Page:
RESEARCH FACILITY; CAT & DOG ADOPTION†††††††††††††††††††††††††††††††††††††††††† S.B. 148 & 149:

††††††††††††††††††††††††††††††††††††††††††††††††††††††††††††††††††††††††††††††††††††††††††††††††††† SUMMARY OF BILL

†††††††††††††††††††††††††††††††††††††††††††††††††††††††††††††††††††††††††††††††††††† REPORTED FROM COMMITTEE

 

 

 

 

 

 

Senate Bill 148 and 149 (as reported without amendment)

Sponsor:† Senator Dayna Polehanki (S.B. 148)

†††††††††††††† Senator Kevin Hertel (S.B. 149)

Committee:† Natural Resources and Agriculture

 

CONTENT

 

Senate Bill 149 would amend Public Act 224 of 1969, which regulates research facilities that use cats or dogs, to do the following:

 

--    Require the Michigan Department of Agriculture and Rural Development (MDARD) to maintain and make available on its website a list of all research facilities operating in Michigan.

--    Require a research facility to offer for adoption a cat or dog that was no longer needed for research and would be euthanized to an animal protection shelter or animal control shelter.

--    Exempt research facilities and shelters from civil liability in the transfer of a laboratory animal.

--    Modify certain definitions.

 

Senate Bill 148 would amend Public Act 224 of 1969 to do the following:

 

--    Require a research facility that used cats or dogs to submit a report to MDARD, by March 31 of each year, that included information about laboratory cats and dogs and the release of those animals to animal protection shelters or animal control shelters.

--    Prescribe administrative fines for a research facility that did not offer the appropriate release of a cat or dog no longer needed for research.

--    Create the Laboratory Animal Fund and prescribe how money would be spent from or deposited into the Fund.

 

The bills are tie-barred.

 

MCL 287.392 et al. (S.B. 148)†††††††††††††††††††††††††††††††††††††††† Legislative Analyst:† Eleni Lionas

†††††† 248.381 et al. (S.B. 149)

 

BRIEF RATIONALE

 

In October 2022, approximately 4,000 beagles were rescued from a research facility in Virginia and re-homed by animal rescue organizations across the country. Apparently, this situation is not uncommon and many cats and dogs could be ultimately adopted when removed from a laboratory setting. Some people believe that Michigan should join 13 other states in offering adoption programs for cats and dogs that could be adopted but would otherwise be euthanized by laboratories. ††††††††††††††††††††††††††††††††††††††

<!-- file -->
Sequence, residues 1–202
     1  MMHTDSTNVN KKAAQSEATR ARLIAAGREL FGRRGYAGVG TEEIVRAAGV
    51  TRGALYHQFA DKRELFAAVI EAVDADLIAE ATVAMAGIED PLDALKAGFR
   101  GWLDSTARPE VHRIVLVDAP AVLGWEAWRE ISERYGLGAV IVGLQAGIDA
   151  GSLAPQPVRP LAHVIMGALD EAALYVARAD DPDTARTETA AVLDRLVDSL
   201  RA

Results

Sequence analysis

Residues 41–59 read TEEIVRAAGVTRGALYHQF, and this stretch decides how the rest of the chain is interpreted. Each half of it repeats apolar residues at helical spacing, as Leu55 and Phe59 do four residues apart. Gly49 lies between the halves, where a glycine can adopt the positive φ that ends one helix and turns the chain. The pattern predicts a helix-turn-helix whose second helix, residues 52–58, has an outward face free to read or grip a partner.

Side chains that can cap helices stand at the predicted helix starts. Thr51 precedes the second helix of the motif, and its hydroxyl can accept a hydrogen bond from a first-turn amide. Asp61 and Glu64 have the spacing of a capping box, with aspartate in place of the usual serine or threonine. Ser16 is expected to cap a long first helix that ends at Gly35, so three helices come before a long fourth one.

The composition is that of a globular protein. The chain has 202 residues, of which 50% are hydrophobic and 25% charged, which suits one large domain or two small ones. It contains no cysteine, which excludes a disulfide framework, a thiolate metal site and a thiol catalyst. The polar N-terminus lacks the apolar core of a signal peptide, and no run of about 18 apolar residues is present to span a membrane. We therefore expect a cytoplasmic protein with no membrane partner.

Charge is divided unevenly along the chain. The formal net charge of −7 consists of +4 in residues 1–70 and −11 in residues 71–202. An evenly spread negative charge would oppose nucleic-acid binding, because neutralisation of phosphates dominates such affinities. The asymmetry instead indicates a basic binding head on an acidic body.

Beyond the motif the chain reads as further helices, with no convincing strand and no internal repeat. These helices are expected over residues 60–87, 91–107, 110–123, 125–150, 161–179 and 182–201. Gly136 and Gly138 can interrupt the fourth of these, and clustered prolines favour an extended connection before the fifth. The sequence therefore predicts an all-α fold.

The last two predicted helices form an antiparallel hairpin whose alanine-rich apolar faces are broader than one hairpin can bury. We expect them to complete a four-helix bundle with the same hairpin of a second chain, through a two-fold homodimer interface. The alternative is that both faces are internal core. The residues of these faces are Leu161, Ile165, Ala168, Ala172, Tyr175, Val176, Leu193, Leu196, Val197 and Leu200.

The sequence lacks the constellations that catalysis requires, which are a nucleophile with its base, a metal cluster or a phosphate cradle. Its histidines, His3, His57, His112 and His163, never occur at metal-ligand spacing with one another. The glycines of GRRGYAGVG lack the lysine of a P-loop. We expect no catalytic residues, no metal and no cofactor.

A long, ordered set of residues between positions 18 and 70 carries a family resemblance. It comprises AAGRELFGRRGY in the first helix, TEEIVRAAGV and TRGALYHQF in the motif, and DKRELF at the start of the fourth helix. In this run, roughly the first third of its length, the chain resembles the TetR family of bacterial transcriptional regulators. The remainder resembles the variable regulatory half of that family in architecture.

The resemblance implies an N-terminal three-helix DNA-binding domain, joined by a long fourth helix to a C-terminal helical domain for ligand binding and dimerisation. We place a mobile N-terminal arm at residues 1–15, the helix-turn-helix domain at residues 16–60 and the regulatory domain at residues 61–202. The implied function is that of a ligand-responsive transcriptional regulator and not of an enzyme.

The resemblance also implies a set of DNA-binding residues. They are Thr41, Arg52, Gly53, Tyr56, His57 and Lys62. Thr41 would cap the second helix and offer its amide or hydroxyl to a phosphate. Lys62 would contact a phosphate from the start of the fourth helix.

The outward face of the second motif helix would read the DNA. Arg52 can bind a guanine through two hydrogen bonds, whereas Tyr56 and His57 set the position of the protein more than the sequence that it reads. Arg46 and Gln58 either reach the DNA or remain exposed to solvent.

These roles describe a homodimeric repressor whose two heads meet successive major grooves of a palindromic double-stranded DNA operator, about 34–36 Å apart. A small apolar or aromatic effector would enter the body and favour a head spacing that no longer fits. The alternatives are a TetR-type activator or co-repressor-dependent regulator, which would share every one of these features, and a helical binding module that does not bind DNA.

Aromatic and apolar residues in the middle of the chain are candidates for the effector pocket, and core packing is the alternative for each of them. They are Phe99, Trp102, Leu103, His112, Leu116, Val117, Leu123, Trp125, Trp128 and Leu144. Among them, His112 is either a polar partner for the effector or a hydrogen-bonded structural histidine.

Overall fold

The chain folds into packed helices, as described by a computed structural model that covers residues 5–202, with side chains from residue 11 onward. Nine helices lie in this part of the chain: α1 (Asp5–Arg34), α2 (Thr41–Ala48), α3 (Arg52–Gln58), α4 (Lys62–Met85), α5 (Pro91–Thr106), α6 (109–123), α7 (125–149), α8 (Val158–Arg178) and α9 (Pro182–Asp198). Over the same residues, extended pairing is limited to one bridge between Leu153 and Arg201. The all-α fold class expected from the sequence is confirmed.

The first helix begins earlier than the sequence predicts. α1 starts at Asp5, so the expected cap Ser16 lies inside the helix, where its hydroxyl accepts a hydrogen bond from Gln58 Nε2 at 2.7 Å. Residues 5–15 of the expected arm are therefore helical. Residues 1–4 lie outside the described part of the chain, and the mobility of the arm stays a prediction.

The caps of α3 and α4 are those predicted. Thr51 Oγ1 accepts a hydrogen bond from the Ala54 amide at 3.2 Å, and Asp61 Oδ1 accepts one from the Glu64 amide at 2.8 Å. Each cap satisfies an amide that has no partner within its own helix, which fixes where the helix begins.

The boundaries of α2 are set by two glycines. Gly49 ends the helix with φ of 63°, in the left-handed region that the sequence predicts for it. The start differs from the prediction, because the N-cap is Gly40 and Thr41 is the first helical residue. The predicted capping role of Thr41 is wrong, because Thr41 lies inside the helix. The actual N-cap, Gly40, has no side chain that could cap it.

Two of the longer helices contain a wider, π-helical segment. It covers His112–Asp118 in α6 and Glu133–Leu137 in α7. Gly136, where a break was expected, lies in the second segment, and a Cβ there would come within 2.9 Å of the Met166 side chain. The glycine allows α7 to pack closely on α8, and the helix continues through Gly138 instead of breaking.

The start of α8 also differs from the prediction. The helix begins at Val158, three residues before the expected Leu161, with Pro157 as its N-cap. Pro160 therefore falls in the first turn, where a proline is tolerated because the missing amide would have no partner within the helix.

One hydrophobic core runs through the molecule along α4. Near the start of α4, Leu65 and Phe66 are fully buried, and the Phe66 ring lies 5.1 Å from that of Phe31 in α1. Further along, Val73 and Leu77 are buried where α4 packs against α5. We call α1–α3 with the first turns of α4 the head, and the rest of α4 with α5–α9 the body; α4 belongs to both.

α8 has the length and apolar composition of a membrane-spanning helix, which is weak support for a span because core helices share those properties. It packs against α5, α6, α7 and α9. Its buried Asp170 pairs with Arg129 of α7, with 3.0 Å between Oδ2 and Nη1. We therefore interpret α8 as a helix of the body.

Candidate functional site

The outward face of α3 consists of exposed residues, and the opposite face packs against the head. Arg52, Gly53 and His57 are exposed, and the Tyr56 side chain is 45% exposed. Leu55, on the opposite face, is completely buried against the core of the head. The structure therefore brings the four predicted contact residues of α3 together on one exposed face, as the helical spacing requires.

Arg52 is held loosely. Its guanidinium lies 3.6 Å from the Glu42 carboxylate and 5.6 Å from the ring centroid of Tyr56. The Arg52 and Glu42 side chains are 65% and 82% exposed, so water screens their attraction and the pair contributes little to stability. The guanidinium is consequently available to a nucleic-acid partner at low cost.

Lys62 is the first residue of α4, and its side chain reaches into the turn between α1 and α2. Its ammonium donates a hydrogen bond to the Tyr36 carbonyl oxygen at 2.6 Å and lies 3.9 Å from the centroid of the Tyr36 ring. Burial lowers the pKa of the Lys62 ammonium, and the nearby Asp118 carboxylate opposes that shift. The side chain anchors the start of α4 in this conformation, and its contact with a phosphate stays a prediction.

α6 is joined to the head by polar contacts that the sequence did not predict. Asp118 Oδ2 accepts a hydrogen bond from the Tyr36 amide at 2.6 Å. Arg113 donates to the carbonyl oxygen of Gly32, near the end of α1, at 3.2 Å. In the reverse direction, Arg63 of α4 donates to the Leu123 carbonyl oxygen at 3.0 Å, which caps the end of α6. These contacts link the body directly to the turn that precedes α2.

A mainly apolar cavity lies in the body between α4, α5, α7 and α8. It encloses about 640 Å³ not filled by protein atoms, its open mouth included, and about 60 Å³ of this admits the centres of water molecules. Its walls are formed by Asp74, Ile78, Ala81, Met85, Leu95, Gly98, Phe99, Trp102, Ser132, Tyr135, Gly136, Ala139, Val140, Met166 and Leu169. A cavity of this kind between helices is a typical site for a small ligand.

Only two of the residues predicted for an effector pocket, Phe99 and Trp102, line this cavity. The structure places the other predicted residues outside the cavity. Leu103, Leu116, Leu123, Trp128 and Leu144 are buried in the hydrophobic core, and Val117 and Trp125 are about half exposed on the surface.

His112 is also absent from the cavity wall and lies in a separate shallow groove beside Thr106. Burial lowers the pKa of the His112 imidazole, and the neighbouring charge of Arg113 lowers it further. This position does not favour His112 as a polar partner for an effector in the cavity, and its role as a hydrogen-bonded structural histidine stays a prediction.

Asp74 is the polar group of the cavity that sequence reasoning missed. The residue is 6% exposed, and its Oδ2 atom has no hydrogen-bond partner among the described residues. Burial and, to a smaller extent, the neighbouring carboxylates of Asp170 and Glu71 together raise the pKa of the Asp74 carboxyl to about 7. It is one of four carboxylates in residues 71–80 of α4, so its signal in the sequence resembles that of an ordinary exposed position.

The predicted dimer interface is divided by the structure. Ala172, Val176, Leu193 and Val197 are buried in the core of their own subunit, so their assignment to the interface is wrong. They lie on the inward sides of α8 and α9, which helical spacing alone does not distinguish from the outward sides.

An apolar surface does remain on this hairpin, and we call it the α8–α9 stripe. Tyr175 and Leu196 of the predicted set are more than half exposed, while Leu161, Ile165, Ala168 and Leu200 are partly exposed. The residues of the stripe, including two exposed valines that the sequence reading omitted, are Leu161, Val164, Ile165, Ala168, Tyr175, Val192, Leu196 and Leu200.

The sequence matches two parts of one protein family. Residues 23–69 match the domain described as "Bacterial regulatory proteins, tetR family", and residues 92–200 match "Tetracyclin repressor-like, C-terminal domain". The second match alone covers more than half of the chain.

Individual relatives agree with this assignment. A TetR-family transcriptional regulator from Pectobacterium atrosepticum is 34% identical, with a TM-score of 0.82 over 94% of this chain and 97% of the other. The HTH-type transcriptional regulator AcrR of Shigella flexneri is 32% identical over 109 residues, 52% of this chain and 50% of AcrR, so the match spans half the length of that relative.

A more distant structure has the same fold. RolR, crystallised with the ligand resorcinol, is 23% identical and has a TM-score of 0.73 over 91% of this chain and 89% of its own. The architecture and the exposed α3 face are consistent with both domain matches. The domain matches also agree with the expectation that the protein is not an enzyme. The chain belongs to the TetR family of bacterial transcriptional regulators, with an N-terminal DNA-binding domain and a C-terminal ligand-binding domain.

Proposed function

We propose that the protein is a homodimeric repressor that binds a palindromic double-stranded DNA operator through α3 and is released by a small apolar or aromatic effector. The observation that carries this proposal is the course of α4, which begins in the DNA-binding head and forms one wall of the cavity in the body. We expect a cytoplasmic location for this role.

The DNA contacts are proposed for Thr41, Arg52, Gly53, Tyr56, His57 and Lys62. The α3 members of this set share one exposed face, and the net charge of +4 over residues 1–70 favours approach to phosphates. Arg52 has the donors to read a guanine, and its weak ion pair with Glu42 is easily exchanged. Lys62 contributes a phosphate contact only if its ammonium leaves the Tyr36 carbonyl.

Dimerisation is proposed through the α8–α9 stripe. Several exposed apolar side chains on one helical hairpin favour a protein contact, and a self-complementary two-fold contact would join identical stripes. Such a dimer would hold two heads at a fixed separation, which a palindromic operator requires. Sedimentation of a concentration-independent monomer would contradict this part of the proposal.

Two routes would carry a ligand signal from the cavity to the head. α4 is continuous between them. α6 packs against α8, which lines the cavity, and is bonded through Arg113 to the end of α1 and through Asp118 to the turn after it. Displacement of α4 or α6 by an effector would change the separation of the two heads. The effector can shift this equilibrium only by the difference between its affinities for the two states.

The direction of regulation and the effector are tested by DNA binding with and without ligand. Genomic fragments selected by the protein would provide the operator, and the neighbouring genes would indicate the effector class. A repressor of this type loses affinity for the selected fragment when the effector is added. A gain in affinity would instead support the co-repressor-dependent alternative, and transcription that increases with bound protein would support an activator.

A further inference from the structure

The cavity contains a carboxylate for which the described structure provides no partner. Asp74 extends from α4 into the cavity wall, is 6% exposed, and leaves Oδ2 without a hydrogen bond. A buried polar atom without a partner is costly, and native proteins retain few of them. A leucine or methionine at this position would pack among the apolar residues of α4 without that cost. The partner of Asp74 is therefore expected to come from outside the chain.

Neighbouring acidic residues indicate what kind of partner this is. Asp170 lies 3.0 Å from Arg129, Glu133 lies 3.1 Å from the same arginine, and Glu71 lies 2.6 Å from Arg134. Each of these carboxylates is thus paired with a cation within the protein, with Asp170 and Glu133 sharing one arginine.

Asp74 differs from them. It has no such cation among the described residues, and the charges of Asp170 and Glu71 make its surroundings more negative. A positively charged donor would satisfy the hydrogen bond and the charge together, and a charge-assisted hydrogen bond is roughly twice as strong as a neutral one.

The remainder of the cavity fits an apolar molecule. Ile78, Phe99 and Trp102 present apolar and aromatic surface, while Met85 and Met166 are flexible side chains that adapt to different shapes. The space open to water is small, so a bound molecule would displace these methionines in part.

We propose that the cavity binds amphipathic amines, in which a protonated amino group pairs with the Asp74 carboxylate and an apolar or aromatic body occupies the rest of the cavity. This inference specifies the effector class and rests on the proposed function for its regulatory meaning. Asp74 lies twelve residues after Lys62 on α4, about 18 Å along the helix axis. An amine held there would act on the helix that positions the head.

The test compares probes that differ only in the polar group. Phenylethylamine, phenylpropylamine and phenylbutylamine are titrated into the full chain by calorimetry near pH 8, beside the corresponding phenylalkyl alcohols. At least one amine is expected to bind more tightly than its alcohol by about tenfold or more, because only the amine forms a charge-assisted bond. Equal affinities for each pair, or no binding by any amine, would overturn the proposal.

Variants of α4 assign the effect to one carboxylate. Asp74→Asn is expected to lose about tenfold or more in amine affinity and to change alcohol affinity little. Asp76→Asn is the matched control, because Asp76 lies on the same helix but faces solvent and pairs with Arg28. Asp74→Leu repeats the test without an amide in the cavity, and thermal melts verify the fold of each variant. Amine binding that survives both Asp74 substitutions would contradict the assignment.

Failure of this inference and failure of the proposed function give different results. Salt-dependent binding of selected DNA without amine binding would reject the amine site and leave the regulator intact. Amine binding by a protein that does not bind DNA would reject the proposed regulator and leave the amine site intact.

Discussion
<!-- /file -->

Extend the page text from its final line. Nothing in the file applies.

FISCAL IMPACT

 

The bills would have a moderate fiscal impact on MDARD and a minor fiscal impact on the Department of Attorney General.

 


The bills would require MDARD to perform certain administrative duties, including the establishment of a database of all research facilities using dogs or operating as laboratory animals research facilities in Michigan (and publish this on its website). They would allow MDARD to impose administrative fines on facilities in violation of the bills' provisions and annually gather data related to the operations of research facilities that use laboratory animals. The Department estimates that compliance with the billsí requirements would require an additional 1.0 FTE and $200,000 in appropriations. The percentage of the estimated appropriation that would have to come from General Fund/general purpose dollars would depend upon the amount of restricted revenue received from potential fines.

 

Senate Bill 149 would create the Laboratory Animal Fund in the State Treasury, into which the administrative fines (and other sources) proposed under Senate Bill 148 would be deposited for use by MDARD in the administration of the billsí provisions.† It cannot be estimated at this time the amount of funds that would be deposited in the Fund annually. Money in the Fund at the close of the fiscal year would remain in the Fund and would not lapse to the General Fund.

 

Senate Bill 149 also would add additional costs to the Attorney General by requiring the Attorney General to bring civil action against individuals who failed to pay administrative fines under the bill. The costs would include additional prosecutor and support staff. The costs are likely to be minimal and supported within current appropriations as the number of individuals likely to be prosecuted would be minimal and there would be no timeline on whether the Attorney General would have to bring civil action against individuals.

 

The bills would add costs to the Department of Treasury to create and administer the Laboratory Animal Fund. The costs are likely to be less than $100 charged to the Department and supported within current appropriations.

 

Date Completed:† 6-15-23††††††††††††††††††††††††††††††††††††††††††††††† Fiscal Analyst:† Bruce R. Baker

††††††††††††††††††††††††††††††††††††††††††††††††††††††††††††††††††††††††††††††††††††††††††††††††††††† Cory Savino, PhD

 

 

 

This analysis was prepared by nonpartisan Senate staff for use by the Senate in its deliberations and does not constitute an official statement of legislative intent.